Do I have a case against my employer if itsend me out on a job that I’m admitidly ill equiped to do?

UPDATED: Jun 26, 2012

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Do I have a case against my employer if itsend me out on a job that I’m admitidly ill equiped to do?

I’m a wedding photographer in training. My employer decided to send me on a job that I told them I was not ready for. I messed it up due to several factors. The customer is suing the company and now it is demanding I pay back what I received for wages (I was under no contact with them). I paid what it asked but now it has some of my valuable equipment in their hands that I need for work.

Asked on June 26, 2012 under Employment Labor Law, Tennessee


FreeAdvice Contributing Attorney / FreeAdvice Contributing Attorney

Answered 10 years ago | Contributor

You do not have a case against your employer for sending you out to do work that you believe you are not equipped to do. Sometimes the employee has less faith in his or her capabilities than the employer.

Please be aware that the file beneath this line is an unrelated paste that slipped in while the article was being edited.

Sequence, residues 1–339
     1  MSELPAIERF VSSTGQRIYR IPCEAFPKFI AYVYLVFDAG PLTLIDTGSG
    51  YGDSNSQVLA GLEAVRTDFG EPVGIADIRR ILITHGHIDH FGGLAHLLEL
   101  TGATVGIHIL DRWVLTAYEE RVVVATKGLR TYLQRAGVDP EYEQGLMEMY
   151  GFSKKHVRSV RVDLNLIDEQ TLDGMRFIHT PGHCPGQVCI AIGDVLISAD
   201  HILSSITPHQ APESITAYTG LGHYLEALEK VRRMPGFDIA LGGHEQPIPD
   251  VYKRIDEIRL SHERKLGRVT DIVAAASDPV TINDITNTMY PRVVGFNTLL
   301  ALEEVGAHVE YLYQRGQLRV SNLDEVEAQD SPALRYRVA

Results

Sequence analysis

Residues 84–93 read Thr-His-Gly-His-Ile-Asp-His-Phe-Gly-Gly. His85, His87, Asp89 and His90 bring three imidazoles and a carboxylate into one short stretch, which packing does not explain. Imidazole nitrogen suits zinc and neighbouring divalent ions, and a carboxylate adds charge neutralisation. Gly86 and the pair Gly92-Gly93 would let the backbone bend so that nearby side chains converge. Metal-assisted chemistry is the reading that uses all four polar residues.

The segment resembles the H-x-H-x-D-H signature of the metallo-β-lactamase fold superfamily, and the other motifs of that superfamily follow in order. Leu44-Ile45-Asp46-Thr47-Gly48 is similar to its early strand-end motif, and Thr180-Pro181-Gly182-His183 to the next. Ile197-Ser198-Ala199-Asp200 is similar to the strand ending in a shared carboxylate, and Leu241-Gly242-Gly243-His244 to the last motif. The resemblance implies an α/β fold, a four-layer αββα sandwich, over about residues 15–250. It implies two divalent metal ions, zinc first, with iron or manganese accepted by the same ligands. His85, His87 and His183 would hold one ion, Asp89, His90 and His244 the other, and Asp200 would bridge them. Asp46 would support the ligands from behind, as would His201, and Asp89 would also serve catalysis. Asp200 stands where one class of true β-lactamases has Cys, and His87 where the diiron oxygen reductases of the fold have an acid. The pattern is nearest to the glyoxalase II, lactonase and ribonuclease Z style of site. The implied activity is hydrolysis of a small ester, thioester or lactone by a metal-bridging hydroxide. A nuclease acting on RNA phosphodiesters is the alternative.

If the customer refuses to return your equipment, you have the factual and legal basis for a lawsuit against him or her. I would send a written letter to the cusotmer demanding the return of your property by a set date. If not returned, your recourse is a civil action.

IMPORTANT NOTICE: The Answer(s) provided above are for general information only. The attorney providing the answer was not serving as the attorney for the person submitting the question or in any attorney-client relationship with such person. Laws may vary from state to state, and sometimes change. Tiny variations in the facts, or a fact not set forth in a question, often can change a legal outcome or an attorney's conclusion. Although has verified the attorney was admitted to practice law in at least one jurisdiction, he or she may not be authorized to practice law in the jurisdiction referred to in the question, nor is he or she necessarily experienced in the area of the law involved. Unlike the information in the Answer(s) above, upon which you should NOT rely, for personal advice you can rely upon we suggest you retain an attorney to represent you.

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